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At the Inauguration of the Academic Year, Pontifical University of the Holy Cross, Rome (October 3, 2017)

The Gospel we have just heard announces a promise of our Lord that gives full security to the Church on her journey through history: "These things I have spoken to you, while I am still with you. But the Counselor, the Holy Spirit, whom the Father will send in my name, he will teach you all things and bring to your remembrance all that I have said to you" (Jn
14:25-26).


At the beginning of the academic year, it greatly helps us to hear again these words of Jesus. They tell us that the Holy Spirit is the Teacher of our souls, a Teacher who gives us constant lessons to attain an ever deeper knowledge of the mystery of Christ.


Let us therefore invoke the Paraclete for light in our study of the sacred sciences, so that this knowledge will sink in deeply and touch our hearts.


By drawing close to the Holy Spirit, his illuminations will allow us to contemplate with amazement the depths of the mysteries of faith, and his fire will enkindle in our hearts sincere desires to be closely united with our Lord and to communicate his love to many souls. 


All of you, professors and students, will have to dedicate long hours to your studies. Go to the Holy Spirit as the true Teacher, the only one able to lead us to a full understanding of Jesus’ teachings. Our Lord himself tells us: When the Spirit of truth comes, he will guide you into all the truth (Jn 16:13). Jesus does not promise just any truth, but the complete truth: the truth that sustains the world, that guides our aspirations and strengthens human relationships, imbuing them with justice and charity.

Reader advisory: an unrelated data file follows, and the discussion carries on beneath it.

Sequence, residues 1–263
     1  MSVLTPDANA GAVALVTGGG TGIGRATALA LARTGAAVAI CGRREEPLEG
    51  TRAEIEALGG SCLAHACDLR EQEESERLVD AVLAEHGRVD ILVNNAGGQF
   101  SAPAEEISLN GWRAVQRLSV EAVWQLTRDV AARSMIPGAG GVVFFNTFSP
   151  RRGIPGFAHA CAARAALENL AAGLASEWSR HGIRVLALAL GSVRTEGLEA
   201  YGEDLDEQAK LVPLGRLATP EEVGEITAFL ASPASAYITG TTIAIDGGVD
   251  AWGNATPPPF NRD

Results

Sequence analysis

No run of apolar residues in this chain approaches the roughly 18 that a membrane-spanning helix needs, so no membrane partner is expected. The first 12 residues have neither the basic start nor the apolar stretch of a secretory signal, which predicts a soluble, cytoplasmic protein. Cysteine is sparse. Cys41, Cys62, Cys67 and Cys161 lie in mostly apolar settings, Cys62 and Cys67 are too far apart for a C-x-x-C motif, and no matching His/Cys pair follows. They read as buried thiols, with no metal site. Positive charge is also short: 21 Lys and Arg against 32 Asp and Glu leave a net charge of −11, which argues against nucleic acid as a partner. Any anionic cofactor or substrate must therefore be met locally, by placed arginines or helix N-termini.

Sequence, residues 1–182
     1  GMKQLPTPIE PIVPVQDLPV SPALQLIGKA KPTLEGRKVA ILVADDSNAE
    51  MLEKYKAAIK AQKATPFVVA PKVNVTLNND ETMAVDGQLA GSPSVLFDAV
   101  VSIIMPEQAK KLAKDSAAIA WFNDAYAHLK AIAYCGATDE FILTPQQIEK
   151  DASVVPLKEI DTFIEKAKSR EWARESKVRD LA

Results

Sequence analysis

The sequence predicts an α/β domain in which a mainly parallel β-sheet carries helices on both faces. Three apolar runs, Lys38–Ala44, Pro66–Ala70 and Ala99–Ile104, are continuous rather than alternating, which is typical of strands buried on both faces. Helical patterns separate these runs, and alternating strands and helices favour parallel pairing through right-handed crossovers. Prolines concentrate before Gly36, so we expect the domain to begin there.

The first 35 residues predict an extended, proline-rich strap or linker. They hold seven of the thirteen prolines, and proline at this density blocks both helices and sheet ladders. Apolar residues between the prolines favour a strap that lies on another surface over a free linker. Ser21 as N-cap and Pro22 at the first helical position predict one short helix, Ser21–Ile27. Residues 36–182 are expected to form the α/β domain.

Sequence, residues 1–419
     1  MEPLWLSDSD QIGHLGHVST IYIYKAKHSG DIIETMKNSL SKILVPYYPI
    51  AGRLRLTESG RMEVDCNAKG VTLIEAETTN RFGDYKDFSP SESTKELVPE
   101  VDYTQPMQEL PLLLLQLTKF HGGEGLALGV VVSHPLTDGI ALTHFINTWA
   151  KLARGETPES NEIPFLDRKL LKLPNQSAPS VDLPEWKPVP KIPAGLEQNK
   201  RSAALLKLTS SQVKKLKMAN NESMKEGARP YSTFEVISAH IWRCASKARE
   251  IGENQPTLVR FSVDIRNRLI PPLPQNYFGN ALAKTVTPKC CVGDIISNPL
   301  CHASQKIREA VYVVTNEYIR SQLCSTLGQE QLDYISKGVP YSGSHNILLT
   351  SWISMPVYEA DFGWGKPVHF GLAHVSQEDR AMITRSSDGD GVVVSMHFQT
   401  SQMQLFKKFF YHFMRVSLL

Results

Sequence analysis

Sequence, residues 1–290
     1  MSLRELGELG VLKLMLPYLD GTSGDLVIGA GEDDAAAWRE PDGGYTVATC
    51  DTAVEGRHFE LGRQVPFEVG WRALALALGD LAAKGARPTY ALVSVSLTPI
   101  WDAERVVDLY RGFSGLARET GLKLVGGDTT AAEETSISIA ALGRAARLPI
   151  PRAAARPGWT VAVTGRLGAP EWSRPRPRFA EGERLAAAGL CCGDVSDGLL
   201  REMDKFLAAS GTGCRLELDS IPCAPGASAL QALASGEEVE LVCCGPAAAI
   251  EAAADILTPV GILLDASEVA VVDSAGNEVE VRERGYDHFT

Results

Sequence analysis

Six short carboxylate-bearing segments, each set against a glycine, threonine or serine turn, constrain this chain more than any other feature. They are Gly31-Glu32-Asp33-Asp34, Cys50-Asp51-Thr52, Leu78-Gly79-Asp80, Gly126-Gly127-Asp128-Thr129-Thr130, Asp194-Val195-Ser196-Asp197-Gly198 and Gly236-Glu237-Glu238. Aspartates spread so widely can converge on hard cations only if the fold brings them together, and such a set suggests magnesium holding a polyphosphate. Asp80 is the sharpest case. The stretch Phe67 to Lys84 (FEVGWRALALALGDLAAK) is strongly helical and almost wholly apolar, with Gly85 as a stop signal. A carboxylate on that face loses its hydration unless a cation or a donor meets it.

The truth leads us to authentic freedom, as Jesus himself said: "If you continue in my word, you are truly my disciples, and you will know the truth, and the truth will make you free" (Jn 8:31-32). How much we need to meditate on these words of our Lord! Especially when we are immersed in a culture that recognizes the great value of freedom, but so often does not find a way to achieve it, above all the inner freedom that is, in the end, the ability to love.


To deepen in your knowledge of the mysteries of the faith you need to study, but that is not enough: prayer is also needed. In dialogue with God, he himself leads us into the luminosity of his triune being and into his salvific plans. With the light of the Holy Spirit, we internalize theological knowledge so that it is no longer just a sum of notions and concepts, but is transformed into knowledge imbued with love, that is, into wisdom. And we will discover the loving invitations addressed to us by the Lord to lead us to "the glorious freedom of the children of God" (Rom 8:21). As a result, we will be able to understand a bit better the depth of God’s love for us and, with great joy, risk our freedom on his salvific plans.


This is the wisdom we want to ask the Holy Spirit for today, as we prepare to begin a new academic year. As St. Josemaría reminded us, this divine gift opens us to the world: “Among the gifts of the Holy Spirit, I would say that there is one which we all need in a special way: the gift of wisdom. It makes us know God and rejoice in his presence, thereby placing us in a perspective from which we can judge accurately the situations and events of this life” (Christ Is Passing By, no. 133). The hope of being able to share this divine gift with so many people is another reason to put great care into our prayer and our study. The Holy Spirit makes us sharers in his sanctifying action, and enables us to be, as Pope Francis says, “sowers of hope, to be, we too —like him and thanks to him— ‘paracletes,’ that is, comforters and protectors of our brethren, sowers of hope” (General Audience, May 31, 2017).


We entrust our resolutions to be docile to the Holy Spirit to the motherly mediation of our Lady, Sedes Sapientiae. The Virgin Mary, Throne of Grace and Wisdom, will help us to welcome Jesus, incarnate Wisdom, with ever increasing intensity into our lives.


So be it.

Romana, No. 65, July-December 2017, p. 271-273.